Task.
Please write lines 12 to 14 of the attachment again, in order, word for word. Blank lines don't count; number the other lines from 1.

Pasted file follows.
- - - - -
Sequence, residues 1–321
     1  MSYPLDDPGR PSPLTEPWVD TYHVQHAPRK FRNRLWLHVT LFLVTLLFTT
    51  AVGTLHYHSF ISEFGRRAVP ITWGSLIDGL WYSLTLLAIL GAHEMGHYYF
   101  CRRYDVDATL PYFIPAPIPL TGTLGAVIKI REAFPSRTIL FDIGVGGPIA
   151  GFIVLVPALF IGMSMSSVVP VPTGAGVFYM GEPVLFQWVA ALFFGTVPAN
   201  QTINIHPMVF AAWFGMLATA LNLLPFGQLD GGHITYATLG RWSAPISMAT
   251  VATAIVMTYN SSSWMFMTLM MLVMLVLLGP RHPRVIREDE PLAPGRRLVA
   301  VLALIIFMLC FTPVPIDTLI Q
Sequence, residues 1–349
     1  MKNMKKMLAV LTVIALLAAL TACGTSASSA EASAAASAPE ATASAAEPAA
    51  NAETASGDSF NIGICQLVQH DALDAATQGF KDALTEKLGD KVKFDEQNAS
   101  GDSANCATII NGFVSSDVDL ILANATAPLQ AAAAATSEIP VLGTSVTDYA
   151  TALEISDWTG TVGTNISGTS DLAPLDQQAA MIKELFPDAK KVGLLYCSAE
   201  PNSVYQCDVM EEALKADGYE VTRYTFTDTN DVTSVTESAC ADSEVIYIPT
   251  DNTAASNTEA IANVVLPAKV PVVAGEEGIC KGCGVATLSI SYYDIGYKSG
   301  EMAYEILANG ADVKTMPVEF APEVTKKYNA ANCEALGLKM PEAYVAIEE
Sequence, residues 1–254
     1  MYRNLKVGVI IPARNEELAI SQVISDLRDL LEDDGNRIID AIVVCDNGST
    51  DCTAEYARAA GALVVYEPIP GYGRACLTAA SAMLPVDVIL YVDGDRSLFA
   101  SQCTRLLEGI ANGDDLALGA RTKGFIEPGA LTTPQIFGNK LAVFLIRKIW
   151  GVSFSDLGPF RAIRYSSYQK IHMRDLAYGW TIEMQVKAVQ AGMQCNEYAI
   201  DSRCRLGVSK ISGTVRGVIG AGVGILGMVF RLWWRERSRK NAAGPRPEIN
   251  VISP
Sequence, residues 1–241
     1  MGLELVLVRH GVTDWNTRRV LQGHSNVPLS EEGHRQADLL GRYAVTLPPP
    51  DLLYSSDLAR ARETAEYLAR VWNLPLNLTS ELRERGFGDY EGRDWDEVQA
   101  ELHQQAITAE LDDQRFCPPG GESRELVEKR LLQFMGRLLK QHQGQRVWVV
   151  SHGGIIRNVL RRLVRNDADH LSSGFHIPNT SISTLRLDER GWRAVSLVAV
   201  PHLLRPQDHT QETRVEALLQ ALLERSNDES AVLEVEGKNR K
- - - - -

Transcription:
   101  GDSANCATII NGFVSSDVDL ILANATAPLQ AAAAATSEIP VLGTSVTDYA
   151  TALEISDWTG TVGTNISGTS DLAPLDQQAA MIKELFPDAK KVGLLYCSAE
   201  PNSVYQCDVM EEALKADGYE VTRYTFTDTN DVTSVTESAC ADSEVIYIPT